20 years later, remembering East German film and football

What made the accident unusual was that Eigendorf had been travelling down a straight section of country road, and seemed to have veered off, into a tree, for no reason at all. Alcohol in Eigendorf’s bloodstream suggested that this was an instance of a boozy footballer who’d had too much to drink, but his personal history hinted at a very different explanation.

While no one has been held accountable in Eigendorf’s death, Stasi files contain a note instructing agents to “dazzle” Eigendorf, which Schwan interprets as a euphemism for blinding the player with headlights and driving him off the road. Eigendorf was last seen alive and sober.

After the final season of GDR football in 1990–91, the top two Oberliga sides, Hansa Rostock and Dynamo Dresden, joined the Bundesliga. But the drain of players to the wealthier West began in earnest. Passionately supported teams such as Dresden have been sullied by a racist hooligan element. Energie Cottbus, of which Chancellor Angela Merkel is an honorary member, remains the only Eastern team in the Bundesliga, albeit presently in the relegation zone.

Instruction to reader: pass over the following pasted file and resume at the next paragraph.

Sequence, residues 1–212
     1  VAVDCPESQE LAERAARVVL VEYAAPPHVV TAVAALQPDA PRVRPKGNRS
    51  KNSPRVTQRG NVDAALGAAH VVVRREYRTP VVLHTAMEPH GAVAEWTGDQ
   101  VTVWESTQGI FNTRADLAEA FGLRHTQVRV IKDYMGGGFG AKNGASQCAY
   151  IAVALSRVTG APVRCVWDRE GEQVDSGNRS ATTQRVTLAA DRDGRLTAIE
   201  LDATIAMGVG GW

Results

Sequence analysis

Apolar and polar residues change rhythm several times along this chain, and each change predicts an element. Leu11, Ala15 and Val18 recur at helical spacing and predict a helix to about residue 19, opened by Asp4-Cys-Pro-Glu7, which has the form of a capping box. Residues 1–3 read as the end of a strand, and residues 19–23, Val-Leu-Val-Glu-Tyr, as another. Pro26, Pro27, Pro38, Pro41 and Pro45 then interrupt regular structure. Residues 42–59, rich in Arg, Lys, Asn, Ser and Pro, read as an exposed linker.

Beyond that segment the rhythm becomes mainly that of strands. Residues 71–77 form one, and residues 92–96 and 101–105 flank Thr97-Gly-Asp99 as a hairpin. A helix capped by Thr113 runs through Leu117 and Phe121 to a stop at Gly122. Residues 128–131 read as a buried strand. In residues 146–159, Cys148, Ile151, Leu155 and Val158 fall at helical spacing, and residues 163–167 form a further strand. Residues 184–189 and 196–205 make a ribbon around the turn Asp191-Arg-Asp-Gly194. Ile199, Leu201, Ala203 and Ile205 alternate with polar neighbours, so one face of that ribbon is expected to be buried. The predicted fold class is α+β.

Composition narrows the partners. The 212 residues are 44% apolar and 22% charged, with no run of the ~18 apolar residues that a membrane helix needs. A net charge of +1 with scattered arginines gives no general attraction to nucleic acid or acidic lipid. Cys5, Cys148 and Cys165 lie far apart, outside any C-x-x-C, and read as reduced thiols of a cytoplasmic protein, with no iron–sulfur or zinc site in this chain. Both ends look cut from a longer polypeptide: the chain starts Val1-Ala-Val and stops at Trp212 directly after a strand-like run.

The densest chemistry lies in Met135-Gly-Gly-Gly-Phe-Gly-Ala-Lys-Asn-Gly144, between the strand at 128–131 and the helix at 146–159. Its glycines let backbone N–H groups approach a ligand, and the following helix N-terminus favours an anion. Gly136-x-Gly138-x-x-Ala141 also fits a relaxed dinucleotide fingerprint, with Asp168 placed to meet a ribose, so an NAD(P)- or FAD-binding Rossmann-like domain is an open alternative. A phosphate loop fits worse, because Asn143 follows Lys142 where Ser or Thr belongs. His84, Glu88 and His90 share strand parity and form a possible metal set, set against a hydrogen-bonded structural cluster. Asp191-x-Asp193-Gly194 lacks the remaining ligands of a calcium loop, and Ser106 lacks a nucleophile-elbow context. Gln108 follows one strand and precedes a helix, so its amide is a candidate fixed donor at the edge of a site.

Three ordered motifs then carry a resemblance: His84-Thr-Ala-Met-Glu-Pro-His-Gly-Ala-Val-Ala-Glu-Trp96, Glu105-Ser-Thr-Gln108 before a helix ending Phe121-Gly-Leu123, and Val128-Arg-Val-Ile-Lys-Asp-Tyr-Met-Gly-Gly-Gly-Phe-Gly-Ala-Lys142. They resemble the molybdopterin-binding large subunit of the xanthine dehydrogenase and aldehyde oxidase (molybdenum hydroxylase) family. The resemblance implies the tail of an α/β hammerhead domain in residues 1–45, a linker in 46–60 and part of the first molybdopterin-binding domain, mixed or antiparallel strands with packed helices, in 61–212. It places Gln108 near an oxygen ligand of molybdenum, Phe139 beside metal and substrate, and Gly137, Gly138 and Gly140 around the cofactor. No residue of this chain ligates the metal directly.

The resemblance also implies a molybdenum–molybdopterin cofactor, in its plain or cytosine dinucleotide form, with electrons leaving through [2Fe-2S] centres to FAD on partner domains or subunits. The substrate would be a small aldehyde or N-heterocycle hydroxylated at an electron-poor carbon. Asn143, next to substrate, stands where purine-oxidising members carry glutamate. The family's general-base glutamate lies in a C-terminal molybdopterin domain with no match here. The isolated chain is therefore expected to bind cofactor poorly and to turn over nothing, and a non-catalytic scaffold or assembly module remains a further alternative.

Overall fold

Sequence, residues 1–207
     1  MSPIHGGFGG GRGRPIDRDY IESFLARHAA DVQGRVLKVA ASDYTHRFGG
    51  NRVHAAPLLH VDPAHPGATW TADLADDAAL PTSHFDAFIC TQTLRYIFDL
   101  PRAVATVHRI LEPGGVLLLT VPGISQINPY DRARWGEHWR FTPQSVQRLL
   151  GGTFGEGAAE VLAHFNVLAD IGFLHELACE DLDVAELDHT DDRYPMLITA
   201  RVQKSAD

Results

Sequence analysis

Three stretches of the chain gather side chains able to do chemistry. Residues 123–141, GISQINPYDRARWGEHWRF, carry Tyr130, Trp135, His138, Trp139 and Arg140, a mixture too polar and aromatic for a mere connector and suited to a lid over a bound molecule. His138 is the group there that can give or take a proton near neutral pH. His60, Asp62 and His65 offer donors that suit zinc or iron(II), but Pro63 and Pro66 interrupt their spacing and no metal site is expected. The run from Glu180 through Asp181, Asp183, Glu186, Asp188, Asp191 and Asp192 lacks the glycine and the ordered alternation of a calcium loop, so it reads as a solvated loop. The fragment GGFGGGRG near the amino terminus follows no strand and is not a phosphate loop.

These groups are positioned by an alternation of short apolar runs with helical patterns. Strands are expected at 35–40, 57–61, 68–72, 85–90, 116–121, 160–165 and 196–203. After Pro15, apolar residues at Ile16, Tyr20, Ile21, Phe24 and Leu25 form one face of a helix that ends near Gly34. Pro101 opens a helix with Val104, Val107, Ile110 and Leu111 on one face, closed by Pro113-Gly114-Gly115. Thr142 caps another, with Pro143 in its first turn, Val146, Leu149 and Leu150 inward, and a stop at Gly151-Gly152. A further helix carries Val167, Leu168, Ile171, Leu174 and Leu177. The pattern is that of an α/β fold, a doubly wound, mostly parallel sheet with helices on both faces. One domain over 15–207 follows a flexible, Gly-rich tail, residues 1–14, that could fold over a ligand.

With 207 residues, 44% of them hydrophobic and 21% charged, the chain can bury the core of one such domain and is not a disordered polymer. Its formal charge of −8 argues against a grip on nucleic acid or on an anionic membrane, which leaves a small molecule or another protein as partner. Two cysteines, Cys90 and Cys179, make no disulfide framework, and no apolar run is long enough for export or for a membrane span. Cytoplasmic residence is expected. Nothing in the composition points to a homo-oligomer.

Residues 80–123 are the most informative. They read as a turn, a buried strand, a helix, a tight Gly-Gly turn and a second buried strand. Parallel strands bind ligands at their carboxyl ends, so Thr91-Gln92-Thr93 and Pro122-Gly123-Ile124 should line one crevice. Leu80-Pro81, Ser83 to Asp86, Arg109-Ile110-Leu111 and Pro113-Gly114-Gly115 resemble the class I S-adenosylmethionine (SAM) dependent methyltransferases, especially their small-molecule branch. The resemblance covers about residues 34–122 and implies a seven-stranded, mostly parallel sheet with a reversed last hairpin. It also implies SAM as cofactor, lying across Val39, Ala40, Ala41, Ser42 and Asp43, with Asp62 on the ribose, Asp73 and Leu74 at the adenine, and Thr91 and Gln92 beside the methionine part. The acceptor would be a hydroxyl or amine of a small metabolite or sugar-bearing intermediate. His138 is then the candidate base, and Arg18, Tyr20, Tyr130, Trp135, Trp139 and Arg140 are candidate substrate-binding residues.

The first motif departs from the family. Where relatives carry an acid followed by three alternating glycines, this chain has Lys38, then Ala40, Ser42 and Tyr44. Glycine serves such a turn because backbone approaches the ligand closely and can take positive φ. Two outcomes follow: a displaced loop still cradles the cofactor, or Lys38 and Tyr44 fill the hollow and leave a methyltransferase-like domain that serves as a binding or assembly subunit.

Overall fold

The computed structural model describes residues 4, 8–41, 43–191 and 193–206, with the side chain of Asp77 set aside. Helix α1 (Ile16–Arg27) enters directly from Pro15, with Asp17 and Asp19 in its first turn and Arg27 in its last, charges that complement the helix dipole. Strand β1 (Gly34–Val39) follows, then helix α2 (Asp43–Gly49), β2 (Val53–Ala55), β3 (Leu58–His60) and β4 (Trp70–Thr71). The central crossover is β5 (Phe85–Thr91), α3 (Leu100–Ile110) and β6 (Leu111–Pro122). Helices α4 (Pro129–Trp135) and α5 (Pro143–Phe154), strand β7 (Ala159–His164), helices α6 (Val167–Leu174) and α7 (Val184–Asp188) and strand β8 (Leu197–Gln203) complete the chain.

Unification in German football has yet to be realized. Writes Hesse-Lichtenberger in the 2002 history Tor!:

Nearly every West German born after 1960 had grown up regarding the GDR as what that country had always wanted to be—a foreign state. Much more foreign, in fact, than France or England or Italy. Soon clubs like Dresden and Rostock would find themselves greeted by chants of “Put the wall back up” when they played in the west. The physical borders between west and east were torn down, but they had been replaced by a psychological one that observers would soon term “the wall in our heads.”

If the 2009 Fußballfilmfestival can fulfill festival director Birger Schmidt‘s ambition to “show that GDR football really existed” (Michael Sontheimer, “Elf Schauspieler müsst ihr sein,” Der Spiegel, Apr 3), another wall might start to come down.


Audience awards—the “Goldene 11”—went to Maradona par Kusturica for best documentary and to Cass for best feature. A jury’s award for best short film went to Eight (dir. Stephen Daldry) about an eight-year-old boy’s love for Liverpool FC (see excerpt).

YouTube video

With deft touch and the ability to nutmeg defenders, tiny Fimpen offers a key to Swedish hopes in the 1974 feature—the best film in six years of the Fußballfilmfestival, according to Springborg and mates.

The 11mm Fußballfilmfestival “Diegos,” 2004–09

Given Diego Maradona‘s popularity as film subject and his charisma on screen, we propose a rebranding of Fußballfilmfestival awards, with statuette in the form of raised fist. Springborg and organizers of the Berlin event indulged our request to name the best films and performances of the festival’s six years.

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